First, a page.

Just finished a meal, but still want more? You’re not alone. A recent study* found that 65% of us are prone to overeating and snack at least once between meals, with 18% admitting that snacking has become a habit. And it’s not simply greed that has caused the average woman’s waistline to expand over the past 60 years – our busy, modern lifestyles are to blame, too.
“We’ve lost touch,” says Dr Aria Campbell-Danesh, a behaviour psychologist who specialises in overeating and weight management. “The human appetite is designed to regulate the amount of food our bodies need. However, in a society in which we’re bombarded with food advertising and high-sugar foods engineered to promote overconsumption, we’re off-kilter.”
It sounds simple but taking our relationship with food back to basics could be the solution. That means three balanced meals a day, enjoyed without distractions. Yet many of us eat just one meal a day. “Family responsibilities, relationships and work demands mean that mealtimes are frequently relegated in importance,” says Dr Aria. “We skip meals, eat in our cars and devour a sandwich while checking e-mails. This all aids overeating.” So if you love eating while watching your favourite series , it could be showing on your waistline!
Try these 5 ways to avoid overeating and feel satisfied with every meal…
1. Steer clear of larger portions
All we need in order to find ourselves overeating is the food right in front of us. A study showed that people who were unwittingly served 50% more food, ate 43% more overall.
So, eat on smaller plates when possible, and if you’re at a restaurant where you know they have large portions, ask the waiter to bag up half your meal before the food even makes it to the table (this might sound a little extreme, but there’s no reason to eat everything in one sitting just because you’re paying for it.
2. Never food shop after work
You make less healthy food choices when you’re hungry. In fact, hungry shoppers buy 23% more junk food as they’re more likely to choose high-calorie products. Because you’re likely to be hungrier between 4pm and 7pm, avoid shopping during this period. If it’s your only choice, go with a shopping list and stick to it.
3. Don’t fall for health halos
Just because something is sugar, fat or gluten free, it doesn’t necessarily mean it’s healthier. Sugar-free foods are often loaded with fat, and fat-free foods often contain more sugar than the regular version.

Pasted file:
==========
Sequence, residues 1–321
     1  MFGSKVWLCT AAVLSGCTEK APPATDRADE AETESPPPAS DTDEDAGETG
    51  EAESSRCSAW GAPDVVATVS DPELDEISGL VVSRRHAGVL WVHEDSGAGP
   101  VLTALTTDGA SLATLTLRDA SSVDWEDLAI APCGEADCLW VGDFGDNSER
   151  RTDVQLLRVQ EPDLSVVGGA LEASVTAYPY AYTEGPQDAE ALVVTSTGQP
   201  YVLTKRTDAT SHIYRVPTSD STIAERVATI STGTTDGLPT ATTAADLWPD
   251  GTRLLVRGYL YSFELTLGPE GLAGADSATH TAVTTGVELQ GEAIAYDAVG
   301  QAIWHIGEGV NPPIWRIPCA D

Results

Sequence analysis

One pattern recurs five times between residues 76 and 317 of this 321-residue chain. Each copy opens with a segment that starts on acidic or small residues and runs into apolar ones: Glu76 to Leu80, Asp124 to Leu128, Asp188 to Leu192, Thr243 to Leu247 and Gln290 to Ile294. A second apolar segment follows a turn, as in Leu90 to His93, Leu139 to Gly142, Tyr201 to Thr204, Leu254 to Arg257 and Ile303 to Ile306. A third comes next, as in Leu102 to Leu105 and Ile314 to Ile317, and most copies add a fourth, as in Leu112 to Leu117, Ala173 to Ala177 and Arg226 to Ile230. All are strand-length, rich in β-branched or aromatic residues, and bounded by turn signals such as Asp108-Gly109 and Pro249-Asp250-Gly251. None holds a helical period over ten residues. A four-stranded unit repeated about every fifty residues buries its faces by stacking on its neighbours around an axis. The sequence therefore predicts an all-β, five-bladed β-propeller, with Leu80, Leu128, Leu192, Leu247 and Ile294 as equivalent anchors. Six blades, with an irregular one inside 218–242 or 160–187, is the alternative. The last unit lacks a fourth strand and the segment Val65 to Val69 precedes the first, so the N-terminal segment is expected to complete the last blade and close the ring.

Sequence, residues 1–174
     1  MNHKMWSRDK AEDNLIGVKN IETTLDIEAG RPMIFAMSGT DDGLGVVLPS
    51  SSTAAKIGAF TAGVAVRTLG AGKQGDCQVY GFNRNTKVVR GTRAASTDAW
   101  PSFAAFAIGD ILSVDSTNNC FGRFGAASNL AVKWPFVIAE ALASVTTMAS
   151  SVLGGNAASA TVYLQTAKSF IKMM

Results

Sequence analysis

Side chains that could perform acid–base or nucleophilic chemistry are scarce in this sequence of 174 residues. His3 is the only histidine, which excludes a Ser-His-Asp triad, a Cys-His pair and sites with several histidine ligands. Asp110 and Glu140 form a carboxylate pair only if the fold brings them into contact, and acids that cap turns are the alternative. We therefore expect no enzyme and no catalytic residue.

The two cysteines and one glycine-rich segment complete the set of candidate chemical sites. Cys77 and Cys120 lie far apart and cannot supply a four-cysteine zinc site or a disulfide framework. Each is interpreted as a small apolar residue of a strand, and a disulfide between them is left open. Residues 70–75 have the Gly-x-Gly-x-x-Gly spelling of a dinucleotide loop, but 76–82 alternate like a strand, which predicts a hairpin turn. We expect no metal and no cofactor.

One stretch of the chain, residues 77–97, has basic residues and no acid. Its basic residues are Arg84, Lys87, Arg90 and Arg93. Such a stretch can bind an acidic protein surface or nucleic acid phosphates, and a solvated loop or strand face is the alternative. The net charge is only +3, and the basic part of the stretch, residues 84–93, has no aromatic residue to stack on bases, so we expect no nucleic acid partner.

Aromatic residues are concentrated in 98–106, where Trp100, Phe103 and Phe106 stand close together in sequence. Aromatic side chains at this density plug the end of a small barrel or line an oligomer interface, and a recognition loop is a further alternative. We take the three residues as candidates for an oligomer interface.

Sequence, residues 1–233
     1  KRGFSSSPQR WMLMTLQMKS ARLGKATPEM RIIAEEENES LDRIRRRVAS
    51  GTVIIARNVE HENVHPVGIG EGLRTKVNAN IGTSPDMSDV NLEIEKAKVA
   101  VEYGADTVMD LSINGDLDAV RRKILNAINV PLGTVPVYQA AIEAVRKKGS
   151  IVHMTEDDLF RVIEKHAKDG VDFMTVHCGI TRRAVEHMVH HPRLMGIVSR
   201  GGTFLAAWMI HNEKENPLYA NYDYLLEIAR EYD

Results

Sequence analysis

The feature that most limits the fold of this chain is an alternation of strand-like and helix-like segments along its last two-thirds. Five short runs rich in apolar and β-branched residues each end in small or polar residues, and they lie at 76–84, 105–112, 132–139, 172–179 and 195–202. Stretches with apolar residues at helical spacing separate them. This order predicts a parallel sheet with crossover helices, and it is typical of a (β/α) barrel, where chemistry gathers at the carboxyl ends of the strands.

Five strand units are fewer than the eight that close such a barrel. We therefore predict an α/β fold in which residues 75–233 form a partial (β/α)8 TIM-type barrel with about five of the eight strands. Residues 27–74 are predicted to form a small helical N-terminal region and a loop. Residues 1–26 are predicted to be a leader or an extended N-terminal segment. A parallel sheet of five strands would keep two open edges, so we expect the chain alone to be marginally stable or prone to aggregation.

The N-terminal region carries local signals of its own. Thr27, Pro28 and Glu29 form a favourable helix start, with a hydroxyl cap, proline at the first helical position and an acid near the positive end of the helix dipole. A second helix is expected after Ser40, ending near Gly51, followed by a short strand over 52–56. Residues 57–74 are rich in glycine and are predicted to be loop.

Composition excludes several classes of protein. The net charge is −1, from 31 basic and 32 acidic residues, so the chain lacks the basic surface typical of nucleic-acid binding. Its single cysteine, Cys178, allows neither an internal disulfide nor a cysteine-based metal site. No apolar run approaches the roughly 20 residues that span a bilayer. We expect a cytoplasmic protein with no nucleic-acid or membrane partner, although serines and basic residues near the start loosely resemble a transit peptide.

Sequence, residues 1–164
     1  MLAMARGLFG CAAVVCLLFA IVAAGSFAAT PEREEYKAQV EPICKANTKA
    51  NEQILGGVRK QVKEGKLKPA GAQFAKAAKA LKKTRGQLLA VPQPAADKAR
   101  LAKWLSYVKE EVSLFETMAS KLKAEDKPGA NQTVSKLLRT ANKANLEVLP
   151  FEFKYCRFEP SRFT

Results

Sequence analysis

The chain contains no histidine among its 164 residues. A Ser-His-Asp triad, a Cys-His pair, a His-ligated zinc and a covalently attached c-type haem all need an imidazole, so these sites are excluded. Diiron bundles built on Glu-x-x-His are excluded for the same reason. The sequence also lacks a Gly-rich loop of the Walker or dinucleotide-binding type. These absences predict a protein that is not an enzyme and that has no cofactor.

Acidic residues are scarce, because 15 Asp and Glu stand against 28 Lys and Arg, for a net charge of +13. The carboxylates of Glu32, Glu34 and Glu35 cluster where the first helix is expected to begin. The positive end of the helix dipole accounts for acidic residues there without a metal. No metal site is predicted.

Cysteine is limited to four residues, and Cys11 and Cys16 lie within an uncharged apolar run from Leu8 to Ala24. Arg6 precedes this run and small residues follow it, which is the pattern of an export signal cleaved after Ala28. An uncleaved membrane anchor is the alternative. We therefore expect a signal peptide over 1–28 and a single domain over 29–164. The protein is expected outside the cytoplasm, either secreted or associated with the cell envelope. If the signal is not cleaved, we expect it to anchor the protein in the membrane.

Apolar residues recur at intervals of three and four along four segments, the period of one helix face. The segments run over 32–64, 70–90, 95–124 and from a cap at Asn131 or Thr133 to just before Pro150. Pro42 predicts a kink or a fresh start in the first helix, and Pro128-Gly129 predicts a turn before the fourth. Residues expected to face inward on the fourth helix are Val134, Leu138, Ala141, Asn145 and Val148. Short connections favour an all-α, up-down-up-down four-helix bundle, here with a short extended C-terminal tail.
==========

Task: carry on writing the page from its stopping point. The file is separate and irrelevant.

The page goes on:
In addition, picking gluten-free foods when you aren’t actually gluten intolerant could mean that you’re losing out on valuable fibre as gluten-free foods are often lower in fibre than their whole-grain counterparts. In short, always compare the labels and make choices based on balance and overall calories.
Studies have also shown that people will often eat more if they perceive what they’re eating to be better for them. The best advice is to stick to a diet of whole foods to avoid any hidden sugars, fats and calories.
4. Enjoy your meal – It’s OK!
For many people, the simple act of eating is accompanied by feelings of guilt, stress and low self-esteem. If you make your meals a ritual and eat consciously, rather than gobbling down a sandwich in between everything else on your to-do list, you’re sure to eat less overall. It usually takes at least 30 minutes for your body to register an important change in hunger, so you have to give yourself time to feel full.
5. Skip stress eating
Do you find that you eat more when you feel stressed? Stress hormones can trigger cravings, especially for calorie-dense foods. Add to that the fact that those hormones are fuel for belly fat, and you’ve got a double-whammy to deal with.
It’s important to find other ways to deal with stress, so before reaching for the chocolate bar, do something that will focus your mind and get you out of the stressful situation. Try meditation (which you can do by simply closing your eyes and paying attention to your breathing for a few minuets) or going for a walk to get some fresh air.